After World War 2 ended the Soviet Union
needed a new and more up-to-date rifle to rifle to replace the 59-year-old series of Mosin-Nagant Bolt-Action Rifles
and the older semi-automatic Tokarev SVT-40. The new rifle needed to be semi-automatic and able to fire the new M1943 Cartridge
(7.62 x 39 mm), because the 7.62 x 54R round fired by the Mosin-Nagant's and the SVT-40. A Soviet Weapon's Designer by the
name of Sergei Gavrilovich Simonov thought he had the answer to the Red Army's problem, he would design and present the Samozaryadniy
Karabin sistemi Simonova, the SKS. The SKS would be Russia's answer to the U.S. M-1 Carbine. The SKS was approved and served
as the standard issue rifle of Soviet forces from 1949 to 1955. But the SKS seen action before that in 1945 a very limited
number of Simonov's rifles were used against Nazi forces of the frontlines of World War II. But even thought Simonov's rifle
was approved in 1949 as the Red Army's main battle rifle, it's life was short-lived, it was quickly replaced by Mikail Kalishnikov's
Select-fire AK-47 assault rifles, Russia's equivelant to the U.S. M-16. But one thing the SKS did accomplish was showing
the Soviet's that the Gas operated system was worthy of service and far more superior than the bolt-action system of the Mosin's.
The SKS was mainly produced at the Tula and Izvesk Arsenals. But the SKS was not completely out-of-date yet, with the Warsaw
Pact came the rights to manufacture war goods, including the SKS Carbine. Yugoslavia, China, Albania, Romania, East Germany,
North Korea, and Vietnam all recieved Soviet rights and assistance in the making of the SKS-45 Carbine as it was called in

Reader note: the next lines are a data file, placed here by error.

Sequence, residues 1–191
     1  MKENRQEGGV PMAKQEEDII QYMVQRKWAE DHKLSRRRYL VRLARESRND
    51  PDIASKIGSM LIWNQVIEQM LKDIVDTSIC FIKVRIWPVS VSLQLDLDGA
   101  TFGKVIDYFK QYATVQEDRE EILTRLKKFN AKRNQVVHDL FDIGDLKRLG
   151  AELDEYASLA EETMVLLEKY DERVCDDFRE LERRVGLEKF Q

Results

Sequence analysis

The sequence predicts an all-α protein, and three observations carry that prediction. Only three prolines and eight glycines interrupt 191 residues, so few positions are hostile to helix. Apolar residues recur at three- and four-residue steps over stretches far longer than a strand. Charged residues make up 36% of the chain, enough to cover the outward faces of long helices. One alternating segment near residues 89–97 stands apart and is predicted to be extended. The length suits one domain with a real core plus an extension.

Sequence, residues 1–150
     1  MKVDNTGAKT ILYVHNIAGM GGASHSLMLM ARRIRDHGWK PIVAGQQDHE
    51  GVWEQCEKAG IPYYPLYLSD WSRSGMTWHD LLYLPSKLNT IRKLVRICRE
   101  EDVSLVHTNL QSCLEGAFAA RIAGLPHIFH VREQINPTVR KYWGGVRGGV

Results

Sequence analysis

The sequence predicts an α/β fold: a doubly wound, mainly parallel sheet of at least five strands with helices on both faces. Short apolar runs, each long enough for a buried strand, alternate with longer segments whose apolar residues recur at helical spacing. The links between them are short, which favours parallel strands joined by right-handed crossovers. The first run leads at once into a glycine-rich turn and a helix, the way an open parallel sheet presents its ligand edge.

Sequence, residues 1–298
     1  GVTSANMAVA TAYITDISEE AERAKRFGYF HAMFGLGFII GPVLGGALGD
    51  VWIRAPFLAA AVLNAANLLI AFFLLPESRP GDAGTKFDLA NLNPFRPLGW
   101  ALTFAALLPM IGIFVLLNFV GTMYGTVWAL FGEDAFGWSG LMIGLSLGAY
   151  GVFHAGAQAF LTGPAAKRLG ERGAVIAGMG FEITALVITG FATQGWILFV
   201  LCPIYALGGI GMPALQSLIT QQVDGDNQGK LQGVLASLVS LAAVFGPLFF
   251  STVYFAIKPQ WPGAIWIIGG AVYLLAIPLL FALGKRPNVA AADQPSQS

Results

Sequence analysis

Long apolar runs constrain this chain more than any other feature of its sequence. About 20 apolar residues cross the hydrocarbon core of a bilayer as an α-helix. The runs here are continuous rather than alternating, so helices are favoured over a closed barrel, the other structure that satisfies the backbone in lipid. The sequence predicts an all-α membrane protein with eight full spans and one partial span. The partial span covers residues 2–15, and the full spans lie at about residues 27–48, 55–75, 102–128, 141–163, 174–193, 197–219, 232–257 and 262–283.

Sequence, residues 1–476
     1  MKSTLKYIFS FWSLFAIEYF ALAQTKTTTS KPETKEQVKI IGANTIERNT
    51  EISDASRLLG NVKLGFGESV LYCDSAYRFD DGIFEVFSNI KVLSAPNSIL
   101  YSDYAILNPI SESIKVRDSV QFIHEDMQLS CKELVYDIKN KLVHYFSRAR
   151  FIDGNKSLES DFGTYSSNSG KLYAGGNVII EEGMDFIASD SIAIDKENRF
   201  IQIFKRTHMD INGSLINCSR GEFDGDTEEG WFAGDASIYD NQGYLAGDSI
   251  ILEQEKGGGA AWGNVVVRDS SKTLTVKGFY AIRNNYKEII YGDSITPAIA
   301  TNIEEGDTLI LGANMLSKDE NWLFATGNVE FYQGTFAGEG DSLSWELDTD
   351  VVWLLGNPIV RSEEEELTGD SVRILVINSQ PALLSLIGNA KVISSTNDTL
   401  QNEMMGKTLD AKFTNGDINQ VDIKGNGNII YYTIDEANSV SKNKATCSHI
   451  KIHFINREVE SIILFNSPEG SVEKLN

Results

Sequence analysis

Russia. Overall Russia, China, Yugoslavia, Romania, Albania, Poland, North Korea, Vietnam, and East Germany all produced atleast
one variant of the SKS. Today only Russia, Romania, Albania, China, and North Korea use the SKS militarily, mostly just for
ceremonial events such as military parades.
The SKS of The Yugoslav Federation:
The former Soviet
satellite nation of Yugoslavia was one of six countries that the U.S.S.R. gave exclusive total rights of the SKS rifle to
as part of the BLOC formation treaties of Communist Asian and Communist European countries. The SKS rifle became unimportant
to almost all of the BLOC nations, and the only nation that was still using the SKS when the Soviet Union came to an unexpected
end was Yugoslavia. Yugoslavia first produced the M59 SKS Carbine which was similiar to the original Soviet Siminov SKS 45.
They then added a blade style bayonet, a flip-up ladder grenade sight, and a NATO specification .22mm grenade launcher on
the end of the barrel that was similiar in appearence to a muzzle break or flash supressor, they then made their final design
basic, they added a titanium night sighting system to the M59/66 SKS making it the M59/66A1 SKS. The Yugoslavian SKS' are
some of the cheapest SKS' around, as well as the best next to the Russian SKS'. The main difference in the Yugo SKS' and the
other models is that due to Yugoslavia's chromium shortages, the M59, M59/66, and M59/66A1/A2 are all without a chrome lined
barrel! That is obviously not a major issue because the Yugoslavian SKS has seen action in the recent African and Middle-Eastern
conflicts that the UN and U.S. have perticipated in. The Yugoslavian SKS', all three versions, are a popular rifle among Military
Surplus Collectors and Arms Collectors alike.
is the only SKS that is not a true carbine due to the added length of the .22 mm NATO Grenade Launcher, I recently bought
it at a local pawnshop. It is all original and complete. I recently bought a 30 round Polymer Magazine for it. Below is a
information table for the Yugoslavian M59/66 A1 SKS.